By: Mandell Creighton (1843-1901)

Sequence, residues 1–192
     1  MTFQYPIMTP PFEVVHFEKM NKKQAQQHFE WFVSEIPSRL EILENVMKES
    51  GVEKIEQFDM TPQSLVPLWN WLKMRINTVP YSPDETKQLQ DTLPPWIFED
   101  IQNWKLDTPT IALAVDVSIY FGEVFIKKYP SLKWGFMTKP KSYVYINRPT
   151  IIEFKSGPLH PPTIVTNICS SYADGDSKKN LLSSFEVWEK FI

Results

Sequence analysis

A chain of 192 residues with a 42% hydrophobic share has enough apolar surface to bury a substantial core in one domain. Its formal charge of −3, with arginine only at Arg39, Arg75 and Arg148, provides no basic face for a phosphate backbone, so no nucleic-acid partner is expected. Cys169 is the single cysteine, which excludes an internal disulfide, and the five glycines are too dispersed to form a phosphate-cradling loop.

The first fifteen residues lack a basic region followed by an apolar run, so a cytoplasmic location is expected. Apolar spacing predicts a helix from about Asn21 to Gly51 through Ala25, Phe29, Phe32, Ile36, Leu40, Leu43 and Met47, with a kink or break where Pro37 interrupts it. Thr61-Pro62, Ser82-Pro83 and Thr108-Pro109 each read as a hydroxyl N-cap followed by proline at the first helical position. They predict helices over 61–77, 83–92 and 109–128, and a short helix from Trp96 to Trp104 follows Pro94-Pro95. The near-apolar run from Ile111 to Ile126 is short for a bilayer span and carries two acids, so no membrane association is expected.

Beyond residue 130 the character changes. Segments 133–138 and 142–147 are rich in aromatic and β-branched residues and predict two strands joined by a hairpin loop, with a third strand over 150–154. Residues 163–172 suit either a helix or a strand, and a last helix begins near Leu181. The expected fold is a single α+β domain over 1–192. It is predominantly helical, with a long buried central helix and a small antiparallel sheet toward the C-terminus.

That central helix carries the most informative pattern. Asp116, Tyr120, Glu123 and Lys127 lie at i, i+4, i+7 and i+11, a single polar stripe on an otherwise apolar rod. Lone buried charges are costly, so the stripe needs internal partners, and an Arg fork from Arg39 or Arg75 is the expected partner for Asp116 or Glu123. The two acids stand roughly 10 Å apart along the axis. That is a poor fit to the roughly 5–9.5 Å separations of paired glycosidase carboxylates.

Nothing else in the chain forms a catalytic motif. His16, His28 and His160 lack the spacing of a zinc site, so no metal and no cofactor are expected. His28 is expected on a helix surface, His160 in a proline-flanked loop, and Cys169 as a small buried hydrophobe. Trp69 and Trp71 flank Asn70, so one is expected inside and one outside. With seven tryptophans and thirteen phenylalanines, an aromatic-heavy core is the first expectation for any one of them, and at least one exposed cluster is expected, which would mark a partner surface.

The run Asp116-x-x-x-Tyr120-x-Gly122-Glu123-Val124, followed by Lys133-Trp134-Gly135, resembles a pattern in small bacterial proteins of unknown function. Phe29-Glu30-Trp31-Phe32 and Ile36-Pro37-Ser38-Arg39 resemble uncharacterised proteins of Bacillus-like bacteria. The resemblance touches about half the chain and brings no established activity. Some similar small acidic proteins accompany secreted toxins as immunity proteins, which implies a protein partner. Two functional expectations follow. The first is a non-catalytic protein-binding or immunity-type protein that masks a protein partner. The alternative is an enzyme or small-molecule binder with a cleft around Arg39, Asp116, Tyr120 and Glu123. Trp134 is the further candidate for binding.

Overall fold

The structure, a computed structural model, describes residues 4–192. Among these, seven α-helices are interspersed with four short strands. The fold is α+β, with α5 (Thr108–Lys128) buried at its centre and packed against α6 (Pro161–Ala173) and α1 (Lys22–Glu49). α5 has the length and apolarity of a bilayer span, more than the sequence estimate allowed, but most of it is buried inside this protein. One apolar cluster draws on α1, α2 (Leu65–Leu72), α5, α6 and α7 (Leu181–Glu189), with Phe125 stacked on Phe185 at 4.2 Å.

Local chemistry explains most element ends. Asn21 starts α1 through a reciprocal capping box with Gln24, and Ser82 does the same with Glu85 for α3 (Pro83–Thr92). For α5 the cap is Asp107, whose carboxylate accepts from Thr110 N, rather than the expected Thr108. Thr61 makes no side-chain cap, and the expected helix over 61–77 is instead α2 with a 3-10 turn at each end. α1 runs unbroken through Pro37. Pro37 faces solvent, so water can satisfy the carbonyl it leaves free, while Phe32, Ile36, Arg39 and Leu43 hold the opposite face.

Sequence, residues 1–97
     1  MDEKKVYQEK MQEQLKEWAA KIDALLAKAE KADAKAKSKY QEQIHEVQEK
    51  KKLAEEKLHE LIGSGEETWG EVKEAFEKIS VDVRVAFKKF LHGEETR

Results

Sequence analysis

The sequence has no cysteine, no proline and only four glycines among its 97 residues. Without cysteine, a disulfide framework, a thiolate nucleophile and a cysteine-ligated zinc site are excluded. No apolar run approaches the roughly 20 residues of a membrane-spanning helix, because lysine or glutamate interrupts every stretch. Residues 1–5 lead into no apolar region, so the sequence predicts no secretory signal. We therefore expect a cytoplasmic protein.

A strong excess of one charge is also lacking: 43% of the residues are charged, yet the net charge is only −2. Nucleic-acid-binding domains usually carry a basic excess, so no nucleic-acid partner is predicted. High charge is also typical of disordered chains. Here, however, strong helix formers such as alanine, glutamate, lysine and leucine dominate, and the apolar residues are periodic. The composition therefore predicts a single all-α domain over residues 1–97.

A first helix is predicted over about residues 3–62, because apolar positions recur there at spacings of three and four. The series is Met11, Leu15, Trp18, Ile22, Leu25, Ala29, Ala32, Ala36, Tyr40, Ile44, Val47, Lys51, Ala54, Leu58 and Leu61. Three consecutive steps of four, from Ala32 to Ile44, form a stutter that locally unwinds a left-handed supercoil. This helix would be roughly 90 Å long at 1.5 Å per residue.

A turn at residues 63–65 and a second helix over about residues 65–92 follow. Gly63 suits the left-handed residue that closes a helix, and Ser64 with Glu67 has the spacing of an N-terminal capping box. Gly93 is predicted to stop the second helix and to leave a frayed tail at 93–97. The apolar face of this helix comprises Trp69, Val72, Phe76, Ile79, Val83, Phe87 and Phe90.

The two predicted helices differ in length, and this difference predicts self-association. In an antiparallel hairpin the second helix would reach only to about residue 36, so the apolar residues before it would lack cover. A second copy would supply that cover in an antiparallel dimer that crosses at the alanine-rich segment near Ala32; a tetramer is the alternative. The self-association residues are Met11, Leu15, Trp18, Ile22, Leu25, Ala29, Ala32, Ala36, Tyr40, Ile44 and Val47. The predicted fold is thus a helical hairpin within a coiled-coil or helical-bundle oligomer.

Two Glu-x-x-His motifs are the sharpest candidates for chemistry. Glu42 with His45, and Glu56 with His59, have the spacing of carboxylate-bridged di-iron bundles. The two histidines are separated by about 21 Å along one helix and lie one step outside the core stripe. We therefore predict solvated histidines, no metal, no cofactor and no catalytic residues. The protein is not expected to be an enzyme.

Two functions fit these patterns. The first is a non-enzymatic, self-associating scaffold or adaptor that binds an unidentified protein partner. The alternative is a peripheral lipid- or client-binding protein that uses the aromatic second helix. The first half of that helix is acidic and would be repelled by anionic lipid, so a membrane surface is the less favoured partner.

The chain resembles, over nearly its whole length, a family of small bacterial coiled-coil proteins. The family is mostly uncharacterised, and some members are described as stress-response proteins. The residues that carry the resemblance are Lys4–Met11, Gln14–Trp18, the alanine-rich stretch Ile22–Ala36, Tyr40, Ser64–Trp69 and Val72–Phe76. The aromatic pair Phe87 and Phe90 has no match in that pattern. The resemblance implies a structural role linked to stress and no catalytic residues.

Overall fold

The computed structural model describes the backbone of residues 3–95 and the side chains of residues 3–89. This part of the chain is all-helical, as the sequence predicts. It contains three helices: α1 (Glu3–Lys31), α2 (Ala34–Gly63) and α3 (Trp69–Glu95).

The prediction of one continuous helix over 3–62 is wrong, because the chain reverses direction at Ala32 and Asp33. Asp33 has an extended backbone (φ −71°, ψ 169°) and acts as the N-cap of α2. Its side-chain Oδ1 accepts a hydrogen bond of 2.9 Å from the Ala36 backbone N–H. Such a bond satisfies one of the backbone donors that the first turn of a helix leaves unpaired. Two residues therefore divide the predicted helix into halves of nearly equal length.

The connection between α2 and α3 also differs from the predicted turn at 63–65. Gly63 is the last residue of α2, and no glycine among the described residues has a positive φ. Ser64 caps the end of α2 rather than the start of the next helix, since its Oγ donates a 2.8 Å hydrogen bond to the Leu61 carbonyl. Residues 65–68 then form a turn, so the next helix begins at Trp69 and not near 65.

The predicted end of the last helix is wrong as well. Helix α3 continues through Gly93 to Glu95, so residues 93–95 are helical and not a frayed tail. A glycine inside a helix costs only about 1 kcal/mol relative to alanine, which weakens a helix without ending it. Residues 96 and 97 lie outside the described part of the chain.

"The Princess Elizabeth of England was born at Greenwich, between three and four of the afternoon of September 7, 1533. Her birth was a matter of small rejoicing to her parents, who were sorely disappointed that their first-born was not a boy." So begins this short, but stirring biography by the British historian, Mandell Creighton, of the magnificent last monarch of the Tudor dynasty. We see Elizabeth in constant peril during the turbulent and ineffectual reigns of Edward VI and Mary. At her accession, her country is little better than an appendage of the Spanish state. By the end of her reign, England has become a major power. Creighton writes that, "Elizabeth's imperishable claim to greatness lies in her instinctive sympathy with her people. She felt, rather than understood, the possibilities which lay before England, and she set herself to the task of slowly exhibiting, and impressing them on the national mind."